LOCHIEL’S picturesque Lake Bumbunga has enjoyed a spike in tourist numbers over recent years but a number of dipsy drivers keen for a closer look are getting bogged in the salty surface.
Given those driver then need rescuing means the beautiful landscape, which is regularly used for photo shoots, is blemished by wheel tracks.
Wakefield Regional Council elected member and Lochiel local, John Nicholls, said the town’s progress association has fenced off areas to prevent access but drivers still find their way into trouble.
“It’s a bit of an awkward issue to address,” he said.
“I don’t understand the mentality of some of these people going to great effort driving around a fence to get out there.”
The lake was a hive of tourist activity over the Easter weekend.
“There would have been 20 or 30 people on the lake at any given time across the entire weekend, so I reckon we had more than a thousand visitors over the four days,” Cr Nicholls said.
Sure enough, one avid adventurer bit off more than he could chew in a relatively new Ford Ranger Raptor with 5000km on the clock.
“It was $70,000 worth of vehicle out there, bogged up to the axles in a salt lake,” Cr Nicholls said.
“I don’t find the whole situation overly funny though, the tracks take a long time to disappear and it just makes a mess of the place.”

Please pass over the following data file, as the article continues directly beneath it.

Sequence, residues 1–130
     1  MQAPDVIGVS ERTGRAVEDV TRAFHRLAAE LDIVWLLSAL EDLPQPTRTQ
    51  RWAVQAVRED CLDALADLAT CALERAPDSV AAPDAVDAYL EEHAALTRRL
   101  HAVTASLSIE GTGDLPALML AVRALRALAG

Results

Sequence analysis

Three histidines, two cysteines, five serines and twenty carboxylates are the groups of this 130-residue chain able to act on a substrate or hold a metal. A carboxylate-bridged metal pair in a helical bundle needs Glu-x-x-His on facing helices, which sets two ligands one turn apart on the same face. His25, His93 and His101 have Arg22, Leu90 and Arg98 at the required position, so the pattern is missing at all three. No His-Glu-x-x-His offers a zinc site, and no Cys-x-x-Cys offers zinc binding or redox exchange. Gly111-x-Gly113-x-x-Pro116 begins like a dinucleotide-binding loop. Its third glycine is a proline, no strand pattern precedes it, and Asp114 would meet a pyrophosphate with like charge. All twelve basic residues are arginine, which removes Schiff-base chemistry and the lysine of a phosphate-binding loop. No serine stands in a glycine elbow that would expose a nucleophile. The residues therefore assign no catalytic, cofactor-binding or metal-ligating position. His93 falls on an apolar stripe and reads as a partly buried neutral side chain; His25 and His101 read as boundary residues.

Another motorist also coerced onto the lake to assist and also became stuck (right).
WRC mayor, Rodney Reid, said council was aware of the issue but there was no specific item on the agenda looking into initiatives to address the matter.
Greg Simmonds, owner/manager of Simmonds Garage at Lochiel, is often the man called to haul the bogged drivers out of the lake.
“It’s not as simple as just driving out and towing them back in,” he said.
“I have to use specialised equipment.
“There are not as many people getting bogged these days but they are still making a mess.”
• Pictured: A $70,000 Ford Ranger Raptor became very stuck on Lake Bumbunga, Lochiel, over the Easter weekend. It is a continuing issue for the town as more tourists are lured for a look at the lake, with bogged vehicles leaving deep track marks (inset).